And, though my vacation was wonderfully glorious, you were all missed.

Ello - Ellen Oh said...

Larramie is back! We missed you!

And Amy what a wonderful story - it is heartening to hear these types of success stories. I can't wait to purchase your book and read it! Thanks for sharing this.

Therese Fowler said...

"I'll never get tired of hearing this story."

Sound familiar? :)

You know, I was impatient for quick publication at first--but now I'm very glad to have what will be seventeen months between sale and publication (well, US publication) because there is so much to it and I'm appreciating having time to process it all.

Do they have a pub date for you yet? Seems to me August releases have been good for RH fiction this year...maybe next year too!

Congratulations to you and your foreign rights team!! At this rate you may earn out before the manuscript goes to press.

p.s. I think Lynne and I live on the same wavelength--'cause who else was saying "when," hmmm?

Lynne Griffin and Amy MacKinnon said...

Ello, it gives me goosebumps to think you and others might possibly read it. And btw, if my children accompany me to DC for a reading, which I'd love, I promise they will be exceptionally well-behaved (see Ello's post). They are amazing people.

Therese,yes, you were a vigorous cheerleader as well, for which I'm thankful. Very. As for pub date, August, September? When I know, you'll know. Yes, the foreign rights team at Random House is amazing! John Robison said publicity and sales are equally wonderful. I can't wait to meet them all!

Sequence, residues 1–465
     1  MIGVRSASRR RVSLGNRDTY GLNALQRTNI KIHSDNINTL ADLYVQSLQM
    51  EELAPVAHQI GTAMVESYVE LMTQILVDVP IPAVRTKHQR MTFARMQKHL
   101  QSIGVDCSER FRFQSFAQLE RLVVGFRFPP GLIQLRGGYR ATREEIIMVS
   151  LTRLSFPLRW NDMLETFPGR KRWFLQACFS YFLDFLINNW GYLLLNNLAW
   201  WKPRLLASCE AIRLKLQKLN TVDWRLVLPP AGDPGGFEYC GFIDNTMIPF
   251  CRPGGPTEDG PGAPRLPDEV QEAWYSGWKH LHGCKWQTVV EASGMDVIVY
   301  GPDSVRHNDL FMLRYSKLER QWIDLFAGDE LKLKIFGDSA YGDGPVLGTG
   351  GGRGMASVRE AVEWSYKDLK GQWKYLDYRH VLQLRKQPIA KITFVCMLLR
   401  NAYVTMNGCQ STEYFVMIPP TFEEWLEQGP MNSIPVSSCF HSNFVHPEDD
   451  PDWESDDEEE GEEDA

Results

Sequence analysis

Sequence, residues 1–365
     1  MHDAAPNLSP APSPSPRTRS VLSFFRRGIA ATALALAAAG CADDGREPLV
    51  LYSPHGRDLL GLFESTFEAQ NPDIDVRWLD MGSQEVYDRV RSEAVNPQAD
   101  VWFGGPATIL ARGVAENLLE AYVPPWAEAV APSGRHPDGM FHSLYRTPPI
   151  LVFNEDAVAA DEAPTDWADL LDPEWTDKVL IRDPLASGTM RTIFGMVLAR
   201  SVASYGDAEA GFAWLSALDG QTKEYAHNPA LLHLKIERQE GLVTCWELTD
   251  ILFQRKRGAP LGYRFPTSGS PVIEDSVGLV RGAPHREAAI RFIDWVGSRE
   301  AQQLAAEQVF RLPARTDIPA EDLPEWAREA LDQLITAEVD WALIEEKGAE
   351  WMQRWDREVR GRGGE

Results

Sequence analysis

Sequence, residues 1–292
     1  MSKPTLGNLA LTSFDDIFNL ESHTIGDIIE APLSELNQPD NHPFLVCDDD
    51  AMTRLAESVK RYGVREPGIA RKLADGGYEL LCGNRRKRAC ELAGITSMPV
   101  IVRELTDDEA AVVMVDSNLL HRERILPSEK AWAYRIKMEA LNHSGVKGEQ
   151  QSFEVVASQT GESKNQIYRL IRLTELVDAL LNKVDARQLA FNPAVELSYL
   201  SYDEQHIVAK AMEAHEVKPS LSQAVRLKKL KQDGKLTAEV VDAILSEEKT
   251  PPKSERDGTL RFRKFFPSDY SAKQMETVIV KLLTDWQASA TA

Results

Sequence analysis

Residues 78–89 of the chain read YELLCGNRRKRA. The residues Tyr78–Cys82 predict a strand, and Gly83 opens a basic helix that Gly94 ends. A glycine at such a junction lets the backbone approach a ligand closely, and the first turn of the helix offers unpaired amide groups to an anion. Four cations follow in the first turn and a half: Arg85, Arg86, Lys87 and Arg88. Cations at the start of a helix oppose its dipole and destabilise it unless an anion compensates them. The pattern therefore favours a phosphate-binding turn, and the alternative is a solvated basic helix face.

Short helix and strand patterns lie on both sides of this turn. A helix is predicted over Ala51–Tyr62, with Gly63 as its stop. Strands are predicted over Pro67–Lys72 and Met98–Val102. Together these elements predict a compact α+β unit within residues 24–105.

Eileen said...

I love this story. When I heard the news I felt like cheering and it wasn't even my sale! : ) I hope you enjoy every step of the ride.

Anonymous said...

Hi Amy,

Loved hearing the details of that day; when the magic words were said "I have wonderful news."

What a nice story. And you have already had foriegn rights sold. WOW. That is impressive.

Good luck and Enjoy.

Lynne Griffin and Amy MacKinnon said...

Eileen, coming from you, such a talented writer, that means a lot. Just a few months now until your pub day. Do you have an exact date?

Usman, whne the time comes, I'msending you an ARC. You've been such wonderful support.


Anonymous said...

Amy, I must have missed this yesterday. An ARC, I am delighted to be on the list. Oh boy, am I proud that I'll get to read your book, before the rest of the world.
I'll stop writing and just enjoy what you said. Thanks.